Air traffic controllers have made headlines recently—and have made travelers nervous—with several instances of sleeping on the job. At least three controllers have been suspended within the past month, and now every airport must be staffed with two air traffic controllers on the midnight shift. Transportation Secretary Ray LaHood said he was “totally outraged by these incidents,” and Randy Babbitt, administrator of the Federal Aviation Administration, said, “We absolutely cannot and will not tolerate sleeping on the job.”
But the union representing FAA air traffic controllers is suggesting controllers do just that: sleep on the job.
Fatigue is inevitable in overnight work, proponents say, so monitored naps should be part of the gig. “A controlled nap can improve performance significantly,” said Mark Rosekind, a member of the National Transportation Safety Board. Rosekind, a recognized sleep expert, pointed to NASA studies that discovered a 26-minute nap improved alertness by 54 percent. He suggests planned on-the-job naps could actually solve the problem of unplanned and dangerous on-the-job naps. “If you don't have a fatigue management plan and you just throw more people at it,” Rosekind said, “you're just going to have more tired people.”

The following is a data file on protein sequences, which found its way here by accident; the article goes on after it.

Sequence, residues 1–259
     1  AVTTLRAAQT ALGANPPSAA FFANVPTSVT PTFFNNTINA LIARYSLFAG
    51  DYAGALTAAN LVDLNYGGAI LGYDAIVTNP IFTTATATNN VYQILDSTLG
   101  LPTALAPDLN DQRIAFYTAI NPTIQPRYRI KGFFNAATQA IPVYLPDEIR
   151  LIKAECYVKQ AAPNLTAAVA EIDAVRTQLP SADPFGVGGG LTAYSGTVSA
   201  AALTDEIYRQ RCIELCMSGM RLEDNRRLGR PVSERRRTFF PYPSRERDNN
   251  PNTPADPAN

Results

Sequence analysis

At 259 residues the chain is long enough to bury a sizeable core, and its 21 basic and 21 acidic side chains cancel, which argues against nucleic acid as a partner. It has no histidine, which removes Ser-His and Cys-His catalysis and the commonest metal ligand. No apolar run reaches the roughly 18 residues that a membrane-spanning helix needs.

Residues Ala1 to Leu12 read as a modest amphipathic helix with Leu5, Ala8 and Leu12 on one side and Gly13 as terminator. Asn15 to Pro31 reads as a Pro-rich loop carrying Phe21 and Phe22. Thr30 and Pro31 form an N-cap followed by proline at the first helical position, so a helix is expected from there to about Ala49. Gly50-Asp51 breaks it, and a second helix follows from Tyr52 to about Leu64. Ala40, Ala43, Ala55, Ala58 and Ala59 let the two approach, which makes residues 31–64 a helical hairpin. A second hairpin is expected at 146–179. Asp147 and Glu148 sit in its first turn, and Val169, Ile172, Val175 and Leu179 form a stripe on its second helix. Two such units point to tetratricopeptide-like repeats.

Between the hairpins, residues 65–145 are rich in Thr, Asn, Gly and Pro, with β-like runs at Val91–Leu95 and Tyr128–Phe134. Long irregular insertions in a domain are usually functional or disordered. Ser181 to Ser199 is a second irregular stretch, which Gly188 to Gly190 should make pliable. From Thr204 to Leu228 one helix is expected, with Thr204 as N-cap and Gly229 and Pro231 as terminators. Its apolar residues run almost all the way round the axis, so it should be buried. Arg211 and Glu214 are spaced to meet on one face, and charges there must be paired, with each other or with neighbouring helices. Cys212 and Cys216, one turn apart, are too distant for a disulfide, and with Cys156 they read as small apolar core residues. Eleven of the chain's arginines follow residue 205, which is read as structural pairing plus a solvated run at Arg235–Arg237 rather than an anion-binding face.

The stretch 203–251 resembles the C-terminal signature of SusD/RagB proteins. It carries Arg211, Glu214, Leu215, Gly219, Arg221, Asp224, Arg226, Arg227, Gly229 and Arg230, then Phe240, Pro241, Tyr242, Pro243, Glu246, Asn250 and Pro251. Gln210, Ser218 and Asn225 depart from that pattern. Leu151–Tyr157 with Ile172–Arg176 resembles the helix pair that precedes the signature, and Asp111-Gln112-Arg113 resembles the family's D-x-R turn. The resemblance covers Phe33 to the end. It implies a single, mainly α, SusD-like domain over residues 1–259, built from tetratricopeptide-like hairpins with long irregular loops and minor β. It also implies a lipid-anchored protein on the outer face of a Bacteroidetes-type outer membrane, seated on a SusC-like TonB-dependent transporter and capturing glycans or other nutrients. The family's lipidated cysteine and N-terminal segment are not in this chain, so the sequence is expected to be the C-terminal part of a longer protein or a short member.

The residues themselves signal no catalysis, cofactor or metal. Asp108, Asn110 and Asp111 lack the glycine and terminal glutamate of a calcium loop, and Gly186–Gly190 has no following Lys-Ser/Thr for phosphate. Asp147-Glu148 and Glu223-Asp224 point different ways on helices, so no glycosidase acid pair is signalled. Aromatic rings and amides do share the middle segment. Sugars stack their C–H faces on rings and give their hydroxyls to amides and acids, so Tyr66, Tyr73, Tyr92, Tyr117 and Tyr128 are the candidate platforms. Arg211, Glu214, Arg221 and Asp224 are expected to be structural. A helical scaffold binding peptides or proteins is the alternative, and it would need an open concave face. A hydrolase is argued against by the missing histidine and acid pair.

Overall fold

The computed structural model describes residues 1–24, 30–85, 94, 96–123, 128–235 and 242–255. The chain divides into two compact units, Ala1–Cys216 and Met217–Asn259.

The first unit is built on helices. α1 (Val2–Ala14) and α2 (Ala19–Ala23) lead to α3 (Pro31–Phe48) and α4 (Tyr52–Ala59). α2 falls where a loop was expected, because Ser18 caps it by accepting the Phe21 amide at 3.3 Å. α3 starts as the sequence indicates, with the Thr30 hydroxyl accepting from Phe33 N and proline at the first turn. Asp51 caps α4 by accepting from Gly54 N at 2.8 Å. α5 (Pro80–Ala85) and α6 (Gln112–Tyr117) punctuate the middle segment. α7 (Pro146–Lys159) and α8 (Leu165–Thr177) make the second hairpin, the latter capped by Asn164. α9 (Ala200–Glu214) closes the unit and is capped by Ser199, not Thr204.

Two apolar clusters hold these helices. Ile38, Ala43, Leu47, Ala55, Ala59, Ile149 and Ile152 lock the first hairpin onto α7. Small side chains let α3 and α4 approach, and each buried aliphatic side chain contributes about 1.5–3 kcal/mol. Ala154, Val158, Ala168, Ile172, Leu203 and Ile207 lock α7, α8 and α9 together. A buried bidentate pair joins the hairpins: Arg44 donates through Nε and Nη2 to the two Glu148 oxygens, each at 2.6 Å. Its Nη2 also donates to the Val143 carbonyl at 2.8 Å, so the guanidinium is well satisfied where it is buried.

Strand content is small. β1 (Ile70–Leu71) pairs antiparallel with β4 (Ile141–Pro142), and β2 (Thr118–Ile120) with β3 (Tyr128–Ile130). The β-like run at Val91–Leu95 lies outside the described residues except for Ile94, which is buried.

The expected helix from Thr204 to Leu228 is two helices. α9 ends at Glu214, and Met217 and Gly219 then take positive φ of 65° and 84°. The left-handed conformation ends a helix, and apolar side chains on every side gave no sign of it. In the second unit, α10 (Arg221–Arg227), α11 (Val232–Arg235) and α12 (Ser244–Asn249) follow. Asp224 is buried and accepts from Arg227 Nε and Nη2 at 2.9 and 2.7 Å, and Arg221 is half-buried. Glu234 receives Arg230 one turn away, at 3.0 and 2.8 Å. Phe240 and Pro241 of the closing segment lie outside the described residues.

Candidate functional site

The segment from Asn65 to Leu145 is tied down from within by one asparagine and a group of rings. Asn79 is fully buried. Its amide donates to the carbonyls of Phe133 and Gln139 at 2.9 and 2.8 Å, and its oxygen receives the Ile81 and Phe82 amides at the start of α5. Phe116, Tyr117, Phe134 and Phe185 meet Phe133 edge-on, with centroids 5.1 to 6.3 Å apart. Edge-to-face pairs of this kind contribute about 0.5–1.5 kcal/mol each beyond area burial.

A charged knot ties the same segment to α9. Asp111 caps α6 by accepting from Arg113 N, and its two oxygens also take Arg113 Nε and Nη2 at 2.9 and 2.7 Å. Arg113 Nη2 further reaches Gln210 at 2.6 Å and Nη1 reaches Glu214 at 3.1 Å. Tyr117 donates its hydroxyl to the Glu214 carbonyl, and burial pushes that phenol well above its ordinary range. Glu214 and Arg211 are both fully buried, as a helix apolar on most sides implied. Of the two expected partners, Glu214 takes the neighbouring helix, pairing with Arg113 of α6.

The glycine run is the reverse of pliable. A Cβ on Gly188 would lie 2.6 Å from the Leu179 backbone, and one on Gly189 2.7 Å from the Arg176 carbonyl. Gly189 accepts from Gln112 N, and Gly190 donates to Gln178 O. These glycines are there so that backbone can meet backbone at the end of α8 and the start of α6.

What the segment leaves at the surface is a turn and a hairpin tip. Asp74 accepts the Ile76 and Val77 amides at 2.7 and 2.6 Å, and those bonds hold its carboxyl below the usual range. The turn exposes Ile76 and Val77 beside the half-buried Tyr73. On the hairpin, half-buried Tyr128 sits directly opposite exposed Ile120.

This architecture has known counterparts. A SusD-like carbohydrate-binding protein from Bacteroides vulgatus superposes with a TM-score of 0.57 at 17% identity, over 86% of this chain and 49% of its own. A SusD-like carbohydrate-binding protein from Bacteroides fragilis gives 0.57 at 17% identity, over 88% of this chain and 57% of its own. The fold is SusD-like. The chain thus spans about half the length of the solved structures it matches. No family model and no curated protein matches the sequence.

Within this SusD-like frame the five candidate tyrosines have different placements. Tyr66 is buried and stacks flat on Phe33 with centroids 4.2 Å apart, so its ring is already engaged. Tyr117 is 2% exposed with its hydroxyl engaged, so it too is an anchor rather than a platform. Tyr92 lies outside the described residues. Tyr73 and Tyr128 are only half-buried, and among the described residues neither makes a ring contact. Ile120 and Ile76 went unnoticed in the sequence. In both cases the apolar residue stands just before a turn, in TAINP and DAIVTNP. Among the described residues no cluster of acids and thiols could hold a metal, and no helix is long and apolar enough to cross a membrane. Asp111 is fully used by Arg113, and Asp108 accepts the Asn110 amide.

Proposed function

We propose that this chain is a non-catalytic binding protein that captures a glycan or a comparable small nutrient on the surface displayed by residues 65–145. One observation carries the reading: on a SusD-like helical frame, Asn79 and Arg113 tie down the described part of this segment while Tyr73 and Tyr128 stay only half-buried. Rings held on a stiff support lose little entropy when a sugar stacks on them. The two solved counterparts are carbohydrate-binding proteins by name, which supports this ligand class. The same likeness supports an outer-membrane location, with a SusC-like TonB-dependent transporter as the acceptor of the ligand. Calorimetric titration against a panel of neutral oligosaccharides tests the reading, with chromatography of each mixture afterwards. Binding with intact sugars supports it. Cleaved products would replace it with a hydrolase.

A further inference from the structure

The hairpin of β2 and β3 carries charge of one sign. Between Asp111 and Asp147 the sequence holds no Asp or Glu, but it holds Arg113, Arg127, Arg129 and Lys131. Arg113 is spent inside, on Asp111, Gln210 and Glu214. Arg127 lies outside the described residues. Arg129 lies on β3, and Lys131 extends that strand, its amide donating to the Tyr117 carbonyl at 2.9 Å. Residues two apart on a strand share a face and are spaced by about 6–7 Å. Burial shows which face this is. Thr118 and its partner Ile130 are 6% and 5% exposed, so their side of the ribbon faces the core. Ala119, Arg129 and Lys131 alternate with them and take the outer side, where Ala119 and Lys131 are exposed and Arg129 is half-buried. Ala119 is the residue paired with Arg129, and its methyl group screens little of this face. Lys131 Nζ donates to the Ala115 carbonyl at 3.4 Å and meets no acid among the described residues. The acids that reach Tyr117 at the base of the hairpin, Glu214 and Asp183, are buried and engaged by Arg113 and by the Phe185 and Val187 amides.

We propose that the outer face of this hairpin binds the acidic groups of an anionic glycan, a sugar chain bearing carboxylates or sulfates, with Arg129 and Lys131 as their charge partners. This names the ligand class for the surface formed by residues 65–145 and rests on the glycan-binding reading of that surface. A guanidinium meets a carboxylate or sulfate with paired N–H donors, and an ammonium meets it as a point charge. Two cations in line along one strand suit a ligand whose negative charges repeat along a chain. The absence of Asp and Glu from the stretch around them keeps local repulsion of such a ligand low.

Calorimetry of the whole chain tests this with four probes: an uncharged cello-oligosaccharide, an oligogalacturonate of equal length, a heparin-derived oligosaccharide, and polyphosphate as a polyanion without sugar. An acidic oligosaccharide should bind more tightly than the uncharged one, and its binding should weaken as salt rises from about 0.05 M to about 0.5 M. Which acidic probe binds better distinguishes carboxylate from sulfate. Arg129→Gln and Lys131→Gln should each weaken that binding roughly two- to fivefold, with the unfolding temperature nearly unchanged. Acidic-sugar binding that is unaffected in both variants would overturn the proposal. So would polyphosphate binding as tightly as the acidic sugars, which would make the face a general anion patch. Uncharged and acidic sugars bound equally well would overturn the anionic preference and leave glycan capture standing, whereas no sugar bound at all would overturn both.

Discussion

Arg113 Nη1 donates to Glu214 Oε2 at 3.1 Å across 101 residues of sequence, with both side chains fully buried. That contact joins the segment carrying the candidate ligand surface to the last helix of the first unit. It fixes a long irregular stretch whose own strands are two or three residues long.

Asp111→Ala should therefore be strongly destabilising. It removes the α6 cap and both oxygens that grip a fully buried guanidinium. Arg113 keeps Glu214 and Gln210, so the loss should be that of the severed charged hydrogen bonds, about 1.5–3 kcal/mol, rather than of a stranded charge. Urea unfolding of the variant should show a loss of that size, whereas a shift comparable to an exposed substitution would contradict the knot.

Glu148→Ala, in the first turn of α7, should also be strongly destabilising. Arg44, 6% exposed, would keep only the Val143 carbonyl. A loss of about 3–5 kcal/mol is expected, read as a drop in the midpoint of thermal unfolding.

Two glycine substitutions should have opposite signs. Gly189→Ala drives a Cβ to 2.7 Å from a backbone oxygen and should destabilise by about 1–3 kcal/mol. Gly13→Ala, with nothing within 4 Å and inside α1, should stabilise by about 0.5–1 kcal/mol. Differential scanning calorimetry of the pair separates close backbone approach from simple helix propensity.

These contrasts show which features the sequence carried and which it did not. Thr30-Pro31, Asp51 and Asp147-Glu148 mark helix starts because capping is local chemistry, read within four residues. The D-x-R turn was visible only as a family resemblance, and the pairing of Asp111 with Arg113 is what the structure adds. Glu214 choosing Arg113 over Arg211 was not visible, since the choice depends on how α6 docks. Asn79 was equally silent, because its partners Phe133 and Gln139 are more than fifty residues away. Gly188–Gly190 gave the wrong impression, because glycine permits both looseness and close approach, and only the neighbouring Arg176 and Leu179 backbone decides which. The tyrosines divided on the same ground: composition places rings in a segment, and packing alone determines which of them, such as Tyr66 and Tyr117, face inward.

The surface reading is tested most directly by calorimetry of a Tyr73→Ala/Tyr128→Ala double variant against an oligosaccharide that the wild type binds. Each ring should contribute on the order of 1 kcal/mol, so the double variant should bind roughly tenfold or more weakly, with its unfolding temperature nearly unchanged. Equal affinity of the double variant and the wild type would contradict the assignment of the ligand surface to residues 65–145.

But USA Today reporter Alan Levin suggested on PBS Newshour that implementing a nap policy would be politically difficult. “I think there's a feeling in the administration that this wouldn't pass what they call the Jay Leno test,” he said. “In other words, it would be ridiculed and joked about. So they're kind of afraid to go and do that.”
LaHood and Babbitt have said they will not pay people to sleep, and they point to a new rule requiring another hour between shifts—controllers now must have at least nine hours off—as a more appropriate solution. “Taking advantage of the time you have to rest is also a professional responsibility,” Babbitt said.
What do you think? Should air traffic controllers be allowed to nap? Take the poll and post your thoughts below.
--Mallie Jane Kim